What Do State Parks Mean to You?
What do you like about visiting one of Washington's State Parks? Help get the next generation into the parks by taking a brief survey, and you'll entered to win a $150 REI giftcard!
Washington boasts more than 100 state parks with nearly 700 miles of trails. It’s safe to say that these parks are critical to outdoor access for Washington's hikers, runners and campers.
In 2013, Washington State Parks celebrated their 100th anniversary. Now that the confetti has been put away, they are looking to ensure the parks survive and thrive in the next 100 years—and you can help by filling out . Answer a few questions about how and why you use (or don't use) the parks, and you’ll be entered to win a $150 REI giftcard!
Help State Parks get the next generation outside
The agency wants to respond to changing needs for Washington families. To do that, they need your feedback before Feb. 26. (It takes about 4 minutes to take the survey.)
With its wealth of diverse terrain and habitats, ours is one of the most unique state park systems in the nation. Just by taking a quick browse of their trails, you’ll find opportunities to explore shrub steppe in the high desert of Eastern Washington, switchbacks in mossy forests, scenic lakes and more.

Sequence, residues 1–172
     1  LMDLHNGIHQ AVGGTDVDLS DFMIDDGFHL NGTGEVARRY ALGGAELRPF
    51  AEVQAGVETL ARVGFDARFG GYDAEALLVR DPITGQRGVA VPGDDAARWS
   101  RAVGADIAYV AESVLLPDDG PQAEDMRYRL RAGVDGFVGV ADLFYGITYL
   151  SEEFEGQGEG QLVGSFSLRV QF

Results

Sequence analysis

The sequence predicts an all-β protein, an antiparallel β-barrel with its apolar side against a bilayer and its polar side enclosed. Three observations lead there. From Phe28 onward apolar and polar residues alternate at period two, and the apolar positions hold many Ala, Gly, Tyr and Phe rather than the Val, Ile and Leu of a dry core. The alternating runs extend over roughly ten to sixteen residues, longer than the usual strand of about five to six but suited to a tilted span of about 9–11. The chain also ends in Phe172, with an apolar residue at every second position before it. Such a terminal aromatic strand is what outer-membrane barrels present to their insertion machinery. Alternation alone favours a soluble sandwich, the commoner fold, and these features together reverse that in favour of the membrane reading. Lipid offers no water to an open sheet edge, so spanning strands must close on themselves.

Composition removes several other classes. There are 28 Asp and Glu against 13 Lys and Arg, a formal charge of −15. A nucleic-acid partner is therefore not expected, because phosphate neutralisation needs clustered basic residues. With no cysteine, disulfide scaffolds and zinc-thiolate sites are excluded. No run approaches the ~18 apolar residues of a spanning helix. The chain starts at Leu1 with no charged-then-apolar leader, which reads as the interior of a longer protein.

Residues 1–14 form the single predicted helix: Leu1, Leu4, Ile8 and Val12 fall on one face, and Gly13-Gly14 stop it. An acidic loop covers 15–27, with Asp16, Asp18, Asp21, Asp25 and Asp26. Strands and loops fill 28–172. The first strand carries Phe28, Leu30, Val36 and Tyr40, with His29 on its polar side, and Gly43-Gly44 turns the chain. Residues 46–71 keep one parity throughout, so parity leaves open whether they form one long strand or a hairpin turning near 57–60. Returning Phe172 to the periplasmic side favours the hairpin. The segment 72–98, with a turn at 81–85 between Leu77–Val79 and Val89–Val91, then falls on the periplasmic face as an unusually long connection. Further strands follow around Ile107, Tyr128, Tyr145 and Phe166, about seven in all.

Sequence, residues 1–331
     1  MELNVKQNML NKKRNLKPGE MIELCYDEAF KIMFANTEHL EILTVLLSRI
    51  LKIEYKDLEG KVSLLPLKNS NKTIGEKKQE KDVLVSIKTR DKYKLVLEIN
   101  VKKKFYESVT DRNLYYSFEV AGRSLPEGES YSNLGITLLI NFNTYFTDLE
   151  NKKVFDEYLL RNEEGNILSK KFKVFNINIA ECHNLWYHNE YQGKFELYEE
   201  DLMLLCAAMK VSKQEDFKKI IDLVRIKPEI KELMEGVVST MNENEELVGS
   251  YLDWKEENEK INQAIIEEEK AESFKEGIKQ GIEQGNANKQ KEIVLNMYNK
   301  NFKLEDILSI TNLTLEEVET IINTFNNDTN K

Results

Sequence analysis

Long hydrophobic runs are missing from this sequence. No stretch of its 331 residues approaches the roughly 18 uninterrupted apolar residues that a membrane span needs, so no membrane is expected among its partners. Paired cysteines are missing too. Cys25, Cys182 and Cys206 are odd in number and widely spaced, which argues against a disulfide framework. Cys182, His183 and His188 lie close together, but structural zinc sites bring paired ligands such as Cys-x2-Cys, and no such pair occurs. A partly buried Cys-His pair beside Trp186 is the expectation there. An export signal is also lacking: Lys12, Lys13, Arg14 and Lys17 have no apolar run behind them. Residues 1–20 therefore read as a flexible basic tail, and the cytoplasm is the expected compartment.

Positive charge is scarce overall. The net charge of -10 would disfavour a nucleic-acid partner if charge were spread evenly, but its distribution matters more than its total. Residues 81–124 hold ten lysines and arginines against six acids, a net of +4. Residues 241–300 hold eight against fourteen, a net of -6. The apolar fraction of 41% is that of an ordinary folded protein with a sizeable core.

Help Washington State Parks communicate with outdoors enthusiasts about all our state has to offer.
Here are just a couple suggestions as you plan your spring hikes:
Beacon Rock State Park about half an hour outside of Vancouver boasts the state’s largest monolith.
Federation Forest State Park is great for families who want to introduce their kids to old growth forests on a fun interpretive trail.
Palouse Falls State Park near the Tri-Cities is home to the official state waterfall!
Fort Ebey State Park on Whidbey Island features 28 miles of seaside hiking trails and a decommissioned military fort.
Or check out our list of lesser known State Park hikes.